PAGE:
“The draft document between the Central Bank of Russia and the People’s Bank of China on national currency swaps has been agreed by the parties,” and is at the stage of formal approval procedures, ITAR-TASS quotes the Russian regulator’s office on Thursday.

The Russian Central Bank is not giving precise details on the size of the currency swaps, nor when it will be launched. It says this will depend on demand.

According to the bank, the agreement will serve as an additional instrument for ensuring international financial stability. Also, it will offer the possibility to obtain liquidity in critical situations.

“The agreement will stimulate further development of direct trade in yuan and rubles on the domestic foreign exchange markets of Russia and China,” the Russian regulator said.

Currently, over 75 percent of payments in Russia-China trade settlements are made in US dollars, according to Rossiyskaya Gazeta newspaper.

READ MORE: Russian companies ‘de-dollarize’ and switch to yuan, other Asian currencies

In early July, the Central Bank’s chairwoman Elvira Nabiullina said Moscow and Beijing were close to reaching an agreement on conducting swap operations in national currencies to boost trade. The deal was later discussed during her trip to China.

President Vladimir Putin, during his visit to Shanghai in May, said cooperation between Russian and Chinese banks was growing, and the two sides were set to continue developing the financial infrastructure.

“Work is underway to increase the amount of mutual payments in national currencies, and we intend to consider new financial instruments,” Putin said after talks with President Xi Jinping.

Later on, during his meeting with leading international news agencies on the sidelines of the St Petersburg’s economic forum, Putin said that Russia and China had made “the first modest steps” in using national currencies in international settlements. He added that the two countries were going to continue exploring opportunities for working together.

A currency swap is widely used and allows simultaneously exchanging a specific amount of one currency for another currency with two different settlement dates.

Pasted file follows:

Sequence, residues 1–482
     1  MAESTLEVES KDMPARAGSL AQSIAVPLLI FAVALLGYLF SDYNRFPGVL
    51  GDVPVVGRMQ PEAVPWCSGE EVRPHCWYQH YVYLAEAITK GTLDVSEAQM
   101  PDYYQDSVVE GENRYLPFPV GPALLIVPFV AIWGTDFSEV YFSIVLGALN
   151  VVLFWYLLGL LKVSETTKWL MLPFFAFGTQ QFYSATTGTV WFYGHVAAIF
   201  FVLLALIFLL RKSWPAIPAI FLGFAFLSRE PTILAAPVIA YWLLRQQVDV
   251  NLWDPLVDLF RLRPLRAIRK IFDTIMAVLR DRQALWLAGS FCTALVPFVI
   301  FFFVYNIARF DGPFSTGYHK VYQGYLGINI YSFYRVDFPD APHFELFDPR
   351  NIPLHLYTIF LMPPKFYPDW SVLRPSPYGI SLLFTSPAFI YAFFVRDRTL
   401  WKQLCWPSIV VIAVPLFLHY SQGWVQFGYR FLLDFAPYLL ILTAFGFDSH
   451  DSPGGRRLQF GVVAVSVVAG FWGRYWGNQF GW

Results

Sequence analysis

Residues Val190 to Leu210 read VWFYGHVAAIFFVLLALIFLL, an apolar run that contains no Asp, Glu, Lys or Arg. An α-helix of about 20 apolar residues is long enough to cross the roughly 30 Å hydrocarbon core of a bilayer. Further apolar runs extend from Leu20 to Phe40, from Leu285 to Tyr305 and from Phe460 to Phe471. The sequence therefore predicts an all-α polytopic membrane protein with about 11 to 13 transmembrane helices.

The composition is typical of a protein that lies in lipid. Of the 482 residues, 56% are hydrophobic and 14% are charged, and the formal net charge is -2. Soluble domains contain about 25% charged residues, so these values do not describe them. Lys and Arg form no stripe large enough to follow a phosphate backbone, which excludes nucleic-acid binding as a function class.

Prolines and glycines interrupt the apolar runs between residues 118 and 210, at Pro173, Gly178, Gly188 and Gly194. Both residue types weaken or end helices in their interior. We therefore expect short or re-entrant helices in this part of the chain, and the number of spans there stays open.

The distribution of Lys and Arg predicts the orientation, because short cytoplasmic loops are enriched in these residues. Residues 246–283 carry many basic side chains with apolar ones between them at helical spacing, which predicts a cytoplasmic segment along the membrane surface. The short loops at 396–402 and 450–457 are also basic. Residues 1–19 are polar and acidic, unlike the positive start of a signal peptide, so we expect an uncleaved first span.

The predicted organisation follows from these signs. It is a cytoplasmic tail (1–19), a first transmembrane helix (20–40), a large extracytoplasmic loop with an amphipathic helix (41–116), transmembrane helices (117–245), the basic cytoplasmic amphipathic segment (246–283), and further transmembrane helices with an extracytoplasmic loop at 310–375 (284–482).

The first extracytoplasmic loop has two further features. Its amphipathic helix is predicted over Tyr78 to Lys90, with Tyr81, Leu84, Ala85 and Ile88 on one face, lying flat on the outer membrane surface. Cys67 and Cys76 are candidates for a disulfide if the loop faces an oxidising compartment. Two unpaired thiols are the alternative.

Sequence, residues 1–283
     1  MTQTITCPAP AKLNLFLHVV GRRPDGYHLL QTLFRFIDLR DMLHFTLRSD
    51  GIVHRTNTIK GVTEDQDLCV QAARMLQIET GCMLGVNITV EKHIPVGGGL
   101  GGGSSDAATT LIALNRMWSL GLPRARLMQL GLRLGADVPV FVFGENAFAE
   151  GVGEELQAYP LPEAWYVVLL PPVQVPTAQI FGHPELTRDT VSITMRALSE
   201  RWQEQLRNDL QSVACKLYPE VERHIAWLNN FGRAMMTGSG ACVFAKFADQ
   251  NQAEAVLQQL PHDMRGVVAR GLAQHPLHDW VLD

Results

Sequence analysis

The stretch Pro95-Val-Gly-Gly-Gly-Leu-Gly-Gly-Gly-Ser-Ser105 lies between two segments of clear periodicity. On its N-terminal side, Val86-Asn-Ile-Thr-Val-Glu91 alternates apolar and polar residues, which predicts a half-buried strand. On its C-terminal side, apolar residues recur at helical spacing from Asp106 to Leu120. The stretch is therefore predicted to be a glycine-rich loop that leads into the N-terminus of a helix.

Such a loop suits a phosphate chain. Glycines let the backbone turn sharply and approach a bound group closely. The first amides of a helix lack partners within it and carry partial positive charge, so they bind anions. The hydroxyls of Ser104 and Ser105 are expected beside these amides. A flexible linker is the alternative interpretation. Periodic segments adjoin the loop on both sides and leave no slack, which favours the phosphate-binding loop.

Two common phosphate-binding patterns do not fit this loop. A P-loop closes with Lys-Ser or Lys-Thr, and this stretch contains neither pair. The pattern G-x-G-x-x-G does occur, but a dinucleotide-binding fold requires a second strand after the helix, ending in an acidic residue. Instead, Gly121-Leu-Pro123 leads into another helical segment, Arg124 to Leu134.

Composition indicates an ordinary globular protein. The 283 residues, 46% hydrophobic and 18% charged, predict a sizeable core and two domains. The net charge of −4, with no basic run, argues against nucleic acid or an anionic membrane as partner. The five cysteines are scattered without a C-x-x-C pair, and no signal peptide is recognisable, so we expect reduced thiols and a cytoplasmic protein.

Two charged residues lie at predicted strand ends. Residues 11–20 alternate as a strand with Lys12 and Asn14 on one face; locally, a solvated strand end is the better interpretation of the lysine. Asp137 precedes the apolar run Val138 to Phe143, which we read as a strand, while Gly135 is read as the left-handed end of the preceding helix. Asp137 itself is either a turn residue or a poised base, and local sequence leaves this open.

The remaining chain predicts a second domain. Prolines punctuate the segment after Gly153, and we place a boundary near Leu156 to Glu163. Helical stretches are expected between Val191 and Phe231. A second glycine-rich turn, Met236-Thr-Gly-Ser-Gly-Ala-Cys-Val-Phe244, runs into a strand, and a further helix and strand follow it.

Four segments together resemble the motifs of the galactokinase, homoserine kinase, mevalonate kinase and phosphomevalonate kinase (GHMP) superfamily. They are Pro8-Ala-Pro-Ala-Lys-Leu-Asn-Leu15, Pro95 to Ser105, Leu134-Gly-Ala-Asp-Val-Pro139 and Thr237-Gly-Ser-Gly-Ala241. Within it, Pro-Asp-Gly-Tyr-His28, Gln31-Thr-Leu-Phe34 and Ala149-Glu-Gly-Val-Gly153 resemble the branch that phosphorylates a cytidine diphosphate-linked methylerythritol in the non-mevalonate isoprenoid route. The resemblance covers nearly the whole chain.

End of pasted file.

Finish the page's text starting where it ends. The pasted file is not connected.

WHEN THE MONEY RUNS OUT… SO DOES THE EMPIRE

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Empires are typically financed by theft and forced tribute

by BILL BONNER | INFOWARS.COM | AUGUST 7, 2014

The Dow stabilized yesterday. Gold rose $22.

In 2006, we wrote a book with Addison Wiggin called Empire of Debt: The Rise of an Epic Financial Crisis. The idea of the book was as follows:

Empires are not the result of conscious thought; they happen when a group is large enough and powerful enough to impose itself on others.

But empires are expensive. They are typically financed by theft and forced tribute. The imperial power conquers… steals… and then requires that its subjects pay “taxes” so that it can protect them.

The US never got the hang of it. It conquers. But it loses money on each conquest.

How does it sustain itself?

With debt.

It doesn’t take tribute from the rest of the world; it borrows from it. As far as we know, no other empire has ever tried to finance itself by borrowing.

But it is a special kind of debt. The US borrows in its own currency – which it can print as it chooses. If the burden of repayment is too high, in theory, the Fed can just print more dollars to satisfy its obligations.

Here is further insight from two foreign policy professors Flynt Leverett and Hillary Mann Leverett:

Since World War II, America’s geopolitical supremacy has rested not only on military might, but also on the dollar’s standing as the world’s leading transactional and reserve currency. Economically, dollar primacy extracts “seignorage” – the difference between the cost of printing money and its value – from other countries, and minimizes US firms’ exchange rate risk.

Its real importance, though, is strategic: Dollar primacy lets America cover its chronic current account and fiscal deficits by issuing more of its own currency – precisely how Washington has funded its hard power projection for over half a century.
In the 1950s and 1960s, this posed little risk to foreigners, because the US dollar was backed by gold. But in 1971 – on August 15 – President Nixon repudiated the greenback’s gold backing.

Nevertheless, the dollar reigned supreme. Foreign nations needed to stock dollars in order to settle up on their overseas financial transactions. The US printed dollars… Americans spent them on foreign goods… foreign central banks bought them from their local merchants and manufacturers, and reinvested much of them in US government debt.

The dollars went out… in exchange for valuable goods and services… and then they came back in exchange for – more pieces of paper!

Year after year, the US ran a trade deficit. Year after year, US paper dollars and Treasury debt stacked up in foreign banks. We haven’t done a recent calculation. But the last time we looked, net cumulative deficits were approaching the $10 trillion mark.

When foreign central banks took in dollars, they had to print local currencies to give to local exporters in exchange for dollars.